Simon and I both did a Masters in European Communications Studies in Amsterdam in 2008-2009. Equipped with the driest of English humour, he introduced me to the joys of Belgian beers, and later on after I had moved to the UK, surfing on the Welsh West Coast. We caught up in mid-May, he in his Bangkok flat with a digital William Turner Zoom backdrop, and I in London, without any digital aids.
One of my aims with this conversation was to learn about work-life in such a well-known organisation. And we did get to that, but first Simon provided a whistle stop tour of UNICEF’s history for those (including myself) who might not be familiar with the background.
“UNICEF is a humanitarian organisation created in 1946 to support children and mothers affected by the second world war. A lot of our money comes from governments and public donations. Our mandate is to defend the rights of children, linked to the Convention on the Rights of the Child, so we cover lots of different areas; health, nutrition, education, water and sanitation.”
So what does a day look like for a regional comms specialist? Unsurprisingly, it’s recently been dominated by Covid-19, but in more normal times Simon’s focus is on content creation for digital platforms.
“My team basically looks at how we can use communications to advocate for change, amplify young people’s voices, and to show how we’re helping children and families across the world. Day to day it’s finding stories about our work and figuring out how we can promote these on our different social media channels. So working with our country offices and comms people to see if they can adapt it for their country and if I can support them in any way. Other days it’s writing and editing stories, providing training, or hiring people.”
The content Simon works on is used in a variety of ways, including showcasing the impact of UNICEF’s work as a fundraising vehicle and as an advocacy tool. This could include gaining support for policy changes or promoting behavioural change.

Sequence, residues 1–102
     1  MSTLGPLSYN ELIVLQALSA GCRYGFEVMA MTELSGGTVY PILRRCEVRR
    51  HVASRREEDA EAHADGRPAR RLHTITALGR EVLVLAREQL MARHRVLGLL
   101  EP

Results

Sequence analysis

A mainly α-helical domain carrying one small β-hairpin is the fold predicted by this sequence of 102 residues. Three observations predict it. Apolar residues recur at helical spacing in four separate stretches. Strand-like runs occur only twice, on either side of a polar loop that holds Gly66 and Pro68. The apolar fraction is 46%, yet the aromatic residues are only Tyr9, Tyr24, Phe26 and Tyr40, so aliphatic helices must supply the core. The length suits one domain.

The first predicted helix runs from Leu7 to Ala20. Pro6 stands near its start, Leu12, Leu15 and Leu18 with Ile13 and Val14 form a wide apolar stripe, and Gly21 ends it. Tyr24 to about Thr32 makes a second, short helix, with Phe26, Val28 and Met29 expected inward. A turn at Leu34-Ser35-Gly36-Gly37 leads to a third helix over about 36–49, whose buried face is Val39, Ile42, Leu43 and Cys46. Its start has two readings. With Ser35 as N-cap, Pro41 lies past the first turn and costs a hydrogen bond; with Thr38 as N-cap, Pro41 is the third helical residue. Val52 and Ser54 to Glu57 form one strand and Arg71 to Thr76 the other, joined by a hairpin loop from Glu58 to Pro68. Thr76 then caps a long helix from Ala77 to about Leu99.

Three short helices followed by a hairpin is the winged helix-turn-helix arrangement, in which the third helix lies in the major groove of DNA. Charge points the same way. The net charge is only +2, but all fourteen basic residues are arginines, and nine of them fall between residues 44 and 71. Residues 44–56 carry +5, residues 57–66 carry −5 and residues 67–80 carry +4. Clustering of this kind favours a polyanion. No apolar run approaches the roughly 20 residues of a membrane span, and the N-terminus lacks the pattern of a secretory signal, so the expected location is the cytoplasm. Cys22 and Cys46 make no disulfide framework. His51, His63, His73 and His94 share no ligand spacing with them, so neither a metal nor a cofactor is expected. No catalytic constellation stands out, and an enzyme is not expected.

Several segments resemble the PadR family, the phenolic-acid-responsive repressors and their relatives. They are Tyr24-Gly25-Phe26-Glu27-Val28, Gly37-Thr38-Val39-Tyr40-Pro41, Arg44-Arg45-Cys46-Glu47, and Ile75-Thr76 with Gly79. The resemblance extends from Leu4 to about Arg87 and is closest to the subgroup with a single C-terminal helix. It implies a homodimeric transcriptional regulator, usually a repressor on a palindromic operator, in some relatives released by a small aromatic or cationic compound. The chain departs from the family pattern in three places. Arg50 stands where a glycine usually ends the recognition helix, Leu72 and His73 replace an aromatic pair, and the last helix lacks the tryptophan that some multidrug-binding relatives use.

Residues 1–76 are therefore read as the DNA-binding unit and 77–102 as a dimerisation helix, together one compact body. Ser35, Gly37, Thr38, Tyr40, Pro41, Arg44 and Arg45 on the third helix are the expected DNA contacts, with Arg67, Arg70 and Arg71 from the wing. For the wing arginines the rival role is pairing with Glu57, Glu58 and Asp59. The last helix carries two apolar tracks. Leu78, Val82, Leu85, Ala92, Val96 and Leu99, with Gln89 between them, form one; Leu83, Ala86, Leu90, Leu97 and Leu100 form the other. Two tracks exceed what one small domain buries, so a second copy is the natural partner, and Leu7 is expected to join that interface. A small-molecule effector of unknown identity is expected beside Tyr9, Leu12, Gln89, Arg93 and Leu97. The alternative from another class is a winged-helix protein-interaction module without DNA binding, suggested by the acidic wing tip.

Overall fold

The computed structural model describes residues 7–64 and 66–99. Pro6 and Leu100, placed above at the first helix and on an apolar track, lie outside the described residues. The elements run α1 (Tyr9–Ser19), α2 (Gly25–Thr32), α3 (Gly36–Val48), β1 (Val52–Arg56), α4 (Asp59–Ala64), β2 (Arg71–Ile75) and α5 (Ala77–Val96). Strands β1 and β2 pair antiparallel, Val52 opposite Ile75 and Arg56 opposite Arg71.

“We have something called Communications For Development, which is about using our channels to change behaviours. With regards to Covid-19 the most obvious example is handwashing. So a lot of messaging at the beginning was around how to do it and why it's important. Now that’s shifting to something more nuanced as countries are bracing for the socio economic impact. Covid-19 will likely have a much bigger impact on children in that respect.”
Photo by Simon during a trip to Papua New Guinea
As many communications professionals can attest, leading with people is one of the most effective ways to generate interest in content. Historically, charities and NGOs operated in poor countries, doing concrete work such as building schools. This made it easy to tell a good story. But as the nature of work has changed, telling stories about UNICEF’s impact is becoming more challenging.
Part of the reason is the increase in political advocacy work that UNICEF does, which involves speaking with politicians and pushing for new laws. A complicated judicial and political process does not naturally lend itself to a straightforward story. Despite this, Simon is adamant that a story still always needs a face.
“An example from a few years ago in Thailand involved a cash transfer scheme for children; families who earned less than a certain amount would get money from the government each month. This was pushed through in part thanks to UNICEF’s advocacy, but the process took a long time and we needed to tell the story of how this helps people. So the original thinking was to write a story saying what the government will do. But we knew that wasn’t really going to work, so we went to the field and got a story from a struggling family, asking them how the money would impact their lives. It’s always better to have people tell the story for us.”
Part of Simon's role involves training colleagues in field offices to communicate for more impact, by identifying human interest stories and avoiding the common challenges of focusing too much on the technical aspects of the story.
“Sometimes people are not visual enough, when they have a story - it’s almost impossible to get it out there without a good photo. Sometimes people also focus too much on the central theme and miss the human element. All stories are about people, in technical fields it’s easy to forget that. When people sit down to write something they forget what it is they like about stories. It’s almost like it’s too obvious.”